Let me explain this with an example. Suppose a policyholder has a guaranteed retirement plan with an annual premium of INR 5 lakh. The plan provides 9% guaranteed return on the premium for the first two years, and pays a bonus, as declared, on the sum assured in subsequent years. After year one, the consumer decides to exit believing he can earn higher returns by deploying the funds in his business instead.
In this case, the renewal team can help him make an informed decision by taking him through the math. He needs to understand that he has already earned 9% or INR 45,000 on his first-year premium of Rs 5 lakh. By paying the INR 5 lakh premium in year two, he stands to earn an additional 9% on the total INR 10 lakh, that is, INR 90,000. On the other hand, the surrender value is likely to be less than INR 5 lakh if they choose to discontinue after the first year. Plus, his family will lose the vital life cover. By breaking down the benefits for the specific individual, you are able to make an impact.
Industry experience shows that persistency can improve if the renewal communication is product-specific to the policyholder. So, on a 10-year term policy, if a customer has paid the premium for four of the five premium payment years, a specific renewal reminder can be sent telling the policyholder that it’s the last premium, and then he and his family will continue to enjoy the plan’s benefits till maturity. Insurance firms can also use predictive analytics to identify policyholders with a low propensity to renew and send them specific communication to ensure they persist with their policies.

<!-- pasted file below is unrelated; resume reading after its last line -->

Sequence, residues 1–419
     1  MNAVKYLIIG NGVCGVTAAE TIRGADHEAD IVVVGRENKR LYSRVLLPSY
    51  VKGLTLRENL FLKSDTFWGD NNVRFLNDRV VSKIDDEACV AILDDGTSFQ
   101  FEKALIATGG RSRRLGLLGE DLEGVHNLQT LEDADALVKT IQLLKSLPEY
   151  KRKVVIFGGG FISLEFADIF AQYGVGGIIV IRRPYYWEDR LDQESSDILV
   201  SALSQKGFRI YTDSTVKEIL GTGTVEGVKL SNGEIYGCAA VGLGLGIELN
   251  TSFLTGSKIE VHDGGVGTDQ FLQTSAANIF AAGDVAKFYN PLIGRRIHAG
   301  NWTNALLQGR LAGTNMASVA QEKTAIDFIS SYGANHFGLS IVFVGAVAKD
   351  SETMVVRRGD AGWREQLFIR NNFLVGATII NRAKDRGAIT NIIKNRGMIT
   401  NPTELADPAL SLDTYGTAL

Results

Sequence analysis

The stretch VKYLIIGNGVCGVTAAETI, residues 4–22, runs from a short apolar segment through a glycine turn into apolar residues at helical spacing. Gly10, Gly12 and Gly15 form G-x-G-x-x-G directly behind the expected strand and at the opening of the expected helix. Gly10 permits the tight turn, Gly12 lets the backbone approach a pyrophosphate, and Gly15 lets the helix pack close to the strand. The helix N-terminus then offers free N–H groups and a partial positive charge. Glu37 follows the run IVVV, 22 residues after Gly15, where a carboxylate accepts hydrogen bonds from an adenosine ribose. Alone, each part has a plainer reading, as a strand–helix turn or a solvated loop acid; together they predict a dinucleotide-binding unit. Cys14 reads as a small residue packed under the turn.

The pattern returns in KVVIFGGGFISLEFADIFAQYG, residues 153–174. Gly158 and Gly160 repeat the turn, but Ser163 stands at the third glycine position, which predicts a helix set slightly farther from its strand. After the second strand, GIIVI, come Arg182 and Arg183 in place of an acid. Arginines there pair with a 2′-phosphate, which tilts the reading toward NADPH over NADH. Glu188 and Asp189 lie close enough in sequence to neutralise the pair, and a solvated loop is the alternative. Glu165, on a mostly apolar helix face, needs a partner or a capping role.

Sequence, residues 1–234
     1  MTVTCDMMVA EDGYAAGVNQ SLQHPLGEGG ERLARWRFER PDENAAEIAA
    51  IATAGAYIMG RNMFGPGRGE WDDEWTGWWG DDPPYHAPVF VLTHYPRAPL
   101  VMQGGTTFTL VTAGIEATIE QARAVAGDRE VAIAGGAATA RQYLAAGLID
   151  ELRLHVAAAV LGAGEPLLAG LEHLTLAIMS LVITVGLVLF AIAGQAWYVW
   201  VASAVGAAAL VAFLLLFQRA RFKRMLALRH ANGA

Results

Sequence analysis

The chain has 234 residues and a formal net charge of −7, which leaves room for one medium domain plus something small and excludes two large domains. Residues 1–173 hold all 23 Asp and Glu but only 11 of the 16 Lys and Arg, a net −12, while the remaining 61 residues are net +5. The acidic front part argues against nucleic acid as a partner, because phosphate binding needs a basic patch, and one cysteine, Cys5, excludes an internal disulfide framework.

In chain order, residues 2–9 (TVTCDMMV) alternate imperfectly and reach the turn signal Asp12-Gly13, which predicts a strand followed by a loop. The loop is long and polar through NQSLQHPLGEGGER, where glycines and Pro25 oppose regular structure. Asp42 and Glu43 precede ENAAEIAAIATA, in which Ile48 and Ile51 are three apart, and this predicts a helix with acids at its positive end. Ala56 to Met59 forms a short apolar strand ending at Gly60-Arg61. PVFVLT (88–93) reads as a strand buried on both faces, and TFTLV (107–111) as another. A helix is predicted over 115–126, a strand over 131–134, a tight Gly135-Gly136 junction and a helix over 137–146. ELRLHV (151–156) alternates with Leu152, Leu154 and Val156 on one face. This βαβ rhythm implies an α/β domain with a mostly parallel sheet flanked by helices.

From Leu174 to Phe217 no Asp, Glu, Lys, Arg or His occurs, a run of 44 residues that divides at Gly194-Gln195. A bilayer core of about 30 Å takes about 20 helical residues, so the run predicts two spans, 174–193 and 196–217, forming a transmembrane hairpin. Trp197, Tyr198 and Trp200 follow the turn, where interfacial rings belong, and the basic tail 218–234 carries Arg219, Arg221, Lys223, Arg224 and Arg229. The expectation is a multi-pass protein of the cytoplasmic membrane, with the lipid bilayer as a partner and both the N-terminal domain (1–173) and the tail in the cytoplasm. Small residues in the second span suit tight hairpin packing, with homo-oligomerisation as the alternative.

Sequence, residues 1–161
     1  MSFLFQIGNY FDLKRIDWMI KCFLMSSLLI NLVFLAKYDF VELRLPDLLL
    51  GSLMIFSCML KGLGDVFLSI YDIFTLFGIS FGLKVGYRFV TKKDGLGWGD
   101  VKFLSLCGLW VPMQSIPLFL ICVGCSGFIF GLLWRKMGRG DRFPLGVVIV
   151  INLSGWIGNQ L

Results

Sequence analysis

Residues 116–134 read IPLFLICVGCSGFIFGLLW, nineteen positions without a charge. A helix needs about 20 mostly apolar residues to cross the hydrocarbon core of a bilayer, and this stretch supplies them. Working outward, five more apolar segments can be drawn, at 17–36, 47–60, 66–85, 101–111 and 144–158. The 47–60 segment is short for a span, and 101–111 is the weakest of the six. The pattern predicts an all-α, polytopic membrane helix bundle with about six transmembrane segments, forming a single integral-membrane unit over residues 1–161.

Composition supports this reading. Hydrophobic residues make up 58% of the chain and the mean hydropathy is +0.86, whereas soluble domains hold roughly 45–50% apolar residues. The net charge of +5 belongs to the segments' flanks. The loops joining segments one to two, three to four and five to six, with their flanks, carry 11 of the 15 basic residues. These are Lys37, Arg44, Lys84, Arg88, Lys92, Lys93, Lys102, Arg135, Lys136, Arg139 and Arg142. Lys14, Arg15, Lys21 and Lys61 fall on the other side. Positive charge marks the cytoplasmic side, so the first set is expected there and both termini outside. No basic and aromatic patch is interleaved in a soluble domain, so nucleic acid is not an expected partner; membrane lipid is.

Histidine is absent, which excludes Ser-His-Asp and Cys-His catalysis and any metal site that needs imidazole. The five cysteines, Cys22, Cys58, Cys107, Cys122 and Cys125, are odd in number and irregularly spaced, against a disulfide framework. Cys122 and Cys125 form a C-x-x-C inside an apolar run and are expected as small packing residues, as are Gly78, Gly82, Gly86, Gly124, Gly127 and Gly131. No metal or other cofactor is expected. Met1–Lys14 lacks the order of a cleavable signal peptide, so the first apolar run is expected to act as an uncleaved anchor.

Sometimes, customers don’t renew their plan because they are unaware of the add-on services provided by insurers to help them tide over their financial stress. For instance, some insurers offer flexible-term loans on certain plans so that consumers can pay their premium and retain their life cover and benefits.
More recently, IndiaFirst Life became the first player in the sector to launch an advanced premium facility. This helps policyholders who have variable or cyclical incomes such as entrepreneurs or agriculturists by allowing them to pay their premium in advance when they have cash in hand. The regulator has permitted insurers to introduce this feature, and also offer a discount on the advance premium paid (to proportionately compensate for the interest the customer could have otherwise earned if this same amount was kept in a savings account).
Aligning the salesforce to customer service
For any insurer, a customer-centric salesforce is essential for high persistency. Insurers must not only monitor their net performance score (NPS) with customers, but they could also adopt an NPS for the sales team. This will help enhance the customer onboarding process – the right product fit increases the propensity to renew. In addition, insurers can align the sales team’s 13-month key performance indicators (KPIs) to customer retention.
Persistency is not a solo endeavor but a shared journey – for the customer and insurer. By putting the Customer First, insurers can improve their persistency ratio and create a win-win situation for both.
Views expressed by: Naman Gupta, SVP & Head – Branch Ops, Persistency & Financial Ops, IndiaFirst Life